What about adding PS to, i.e., mashed potatoes, throw in an egg & make potato patties with the mix — then refrigerate, & reheat in oil. Any ideas on whether the PS would become RS3? IF so, it would increase the RS of the potato patties considerably — & not be “isolated”.

    • newbie on August 5, 2015 at 18:09

      The PS would stay as RS2, some of the RS2 of the previously cooked potato would reform as RS3, although the majority is turned into digestable starch by the cooking process – in other words, neither RS2 nor RS3. The PS does not turn into RS3 by being put into the fridge.

  22. Charlie on August 25, 2015 at 20:07

    How long does the pasta have to be chilled? After cooking it, can I just run cold water over it to cool it down and then reheat it back up with hot tap water? How cold and how long does it have be cold to become resistant starch?

    • FrenchFry on August 26, 2015 at 00:28

      Overnight in the fridge.

    • Charlie on August 26, 2015 at 05:03

      FrenchFry, I’m not insulting you but I want to ask you, how do you know this, where did you get the information that the pasta has to be chilled over night?

    • FrenchFry on August 26, 2015 at 05:54

      Hey Charlie,

      No worry, you are not insulting me just by asking something like that!

      I remember reading this from Tim Steele (aka tatertot) who had researched the topic quite in depth. It was a long time ago but I vaguely remember a figure stating tha the optimal cooling should be around 4-5 deg for at least 8 hours. I did not save any link or reference so I hope he can eventually chime in.

      In any case, I don’t see any issue with eating pasta that you have just cooked! But make sure you cook enough so you have plenty of leftovers you can cool down overnight :) That’s how I do potatoes: I cook rather huge batches that last me a full week at a time. When I run out, I repeat the process. I won’t ignore freshly cooked potatoes, I would find myself silly doing that :D

    • Charlie on August 26, 2015 at 16:05


  23. Zed on September 6, 2015 at 00:02

    i wonder if microwaving for reheating is an issue

  24. Angie on September 17, 2015 at 05:35

    Do you know if oatmeal becomes a resistant starch after being cooked and cooled? I saw an RS list that included uncooked oatmeal and cooked oatmeal, but not cooked and cooled.

  25. Primal foods for endurance workouts.... | Mark's Daily Apple Health and Fitness Forum page on October 22, 2015 at 04:19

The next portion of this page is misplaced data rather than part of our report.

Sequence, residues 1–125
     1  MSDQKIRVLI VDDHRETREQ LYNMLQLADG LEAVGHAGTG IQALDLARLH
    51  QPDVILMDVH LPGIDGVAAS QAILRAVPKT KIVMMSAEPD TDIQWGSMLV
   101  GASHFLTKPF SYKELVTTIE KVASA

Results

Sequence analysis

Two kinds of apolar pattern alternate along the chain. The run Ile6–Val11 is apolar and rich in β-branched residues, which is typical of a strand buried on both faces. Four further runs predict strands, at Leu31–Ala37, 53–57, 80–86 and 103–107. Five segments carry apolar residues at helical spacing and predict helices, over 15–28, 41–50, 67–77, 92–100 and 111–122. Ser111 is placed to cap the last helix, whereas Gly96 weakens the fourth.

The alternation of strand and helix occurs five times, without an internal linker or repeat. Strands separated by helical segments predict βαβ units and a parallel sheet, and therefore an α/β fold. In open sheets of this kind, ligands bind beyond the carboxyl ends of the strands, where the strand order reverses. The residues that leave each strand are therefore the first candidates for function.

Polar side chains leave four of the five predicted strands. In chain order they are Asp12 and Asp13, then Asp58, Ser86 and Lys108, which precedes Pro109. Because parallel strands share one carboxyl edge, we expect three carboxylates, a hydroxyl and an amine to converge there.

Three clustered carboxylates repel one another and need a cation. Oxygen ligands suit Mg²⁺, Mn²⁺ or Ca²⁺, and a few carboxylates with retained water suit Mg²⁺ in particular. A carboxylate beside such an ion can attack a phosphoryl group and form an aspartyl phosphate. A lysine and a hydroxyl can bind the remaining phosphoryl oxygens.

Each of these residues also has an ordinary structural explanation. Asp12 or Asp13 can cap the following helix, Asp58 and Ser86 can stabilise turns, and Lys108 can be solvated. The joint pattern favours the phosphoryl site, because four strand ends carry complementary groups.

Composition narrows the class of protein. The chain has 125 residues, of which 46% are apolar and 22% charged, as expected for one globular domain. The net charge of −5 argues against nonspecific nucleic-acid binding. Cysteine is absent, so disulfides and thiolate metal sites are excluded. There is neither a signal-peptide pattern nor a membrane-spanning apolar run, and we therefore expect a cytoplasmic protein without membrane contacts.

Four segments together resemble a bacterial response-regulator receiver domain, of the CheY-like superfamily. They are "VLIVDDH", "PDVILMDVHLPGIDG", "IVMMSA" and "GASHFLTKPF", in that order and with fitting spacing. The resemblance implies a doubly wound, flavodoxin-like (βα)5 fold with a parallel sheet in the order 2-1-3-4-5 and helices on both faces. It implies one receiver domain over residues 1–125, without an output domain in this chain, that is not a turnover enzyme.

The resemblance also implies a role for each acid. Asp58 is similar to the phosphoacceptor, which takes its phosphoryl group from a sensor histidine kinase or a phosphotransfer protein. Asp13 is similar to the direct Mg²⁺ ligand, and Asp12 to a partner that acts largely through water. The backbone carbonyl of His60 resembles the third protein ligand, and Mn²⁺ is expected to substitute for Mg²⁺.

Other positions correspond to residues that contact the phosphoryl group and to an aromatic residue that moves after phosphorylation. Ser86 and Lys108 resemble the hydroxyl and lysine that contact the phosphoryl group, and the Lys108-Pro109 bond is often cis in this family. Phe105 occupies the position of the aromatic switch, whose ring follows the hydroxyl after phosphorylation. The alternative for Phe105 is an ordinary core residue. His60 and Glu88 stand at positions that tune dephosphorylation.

[…] all kind and of course cooked, cooled then reheated potatoes which will contain resistant starch: Cooking, Cooling, and Reheating Starches For Even More Digestive Resistance | Free The Animal Take a walk on the wild side. Reply With […]

  26. […] Link: Cooking, Cooling, and Reheating Starches For Even More Digestive Resistance […]

  27. Susan Eapen on November 23, 2015 at 20:34

    I am Indian, living near the Southernmost tip of the subcontinent in Thiruvananthapuram. The staple of our area used to be rice. We use a red coloured rice which is parboiled. That is, before de-husking the rice, the grain is boiled, left overnight in the water, strained, dried in the sun, milled to remove husk and we get our rice. The breakfast was often leftover cooked rice from previous day soaked in water overnight, eaten with curds and chutney. The rice was slightly fermented and the curd is fermented milk. This has now been replaced by wheat, breads, cereals, idli-dosa etc. I believe that this rice could also have been full of resistant starch, probiotics etc.

  28. Kylie James on January 14, 2017 at 22:57

    Has anyone tried or do you think that when cooking the potatos you could use chicken stock instead of water?
    Would they still be RS?

  29. DIY Healthy Baked Potatoes, Pasta, Corn and more! – The wisdom of ZO on February 27, 2017 at 14:13

    […] Does reheating negate the RS created by cooling? NO! It enhances it further! […]

  30. Richard Nikoley on October 25, 2017 at 14:15

    Melbot posts:

    One thing confusing me about this whole thing. Since a loaf of white bread is flour that has already been cooked and cooled, why isn’t that already resistant? We’re always told to avoid white bread, but if that’s the case, it shouldn’t be a problem. OR is it actually, the second reheat/cool that matters. Anyone have any insight?

  31. carol on January 18, 2018 at 05:08

    does the cooling off and reheating pasta work the same for whole wheat pasta?

  32. Jami on January 29, 2018 at 19:40

    If the RS value increases with heating and cooling, then why am I reading that baking with banan flour destroys the RS value??? Is there ANY RS flour that can be baked that is NOT destroyed at 350 degrees????????

  33. Midge on July 5, 2019 at 16:41

    What about reheating with a microwave??

  34. Linda Camp on November 18, 2020 at 18:06

    Does this apply to instant mashed potatoes in a box? You know… like Idahoan instant potato flakes?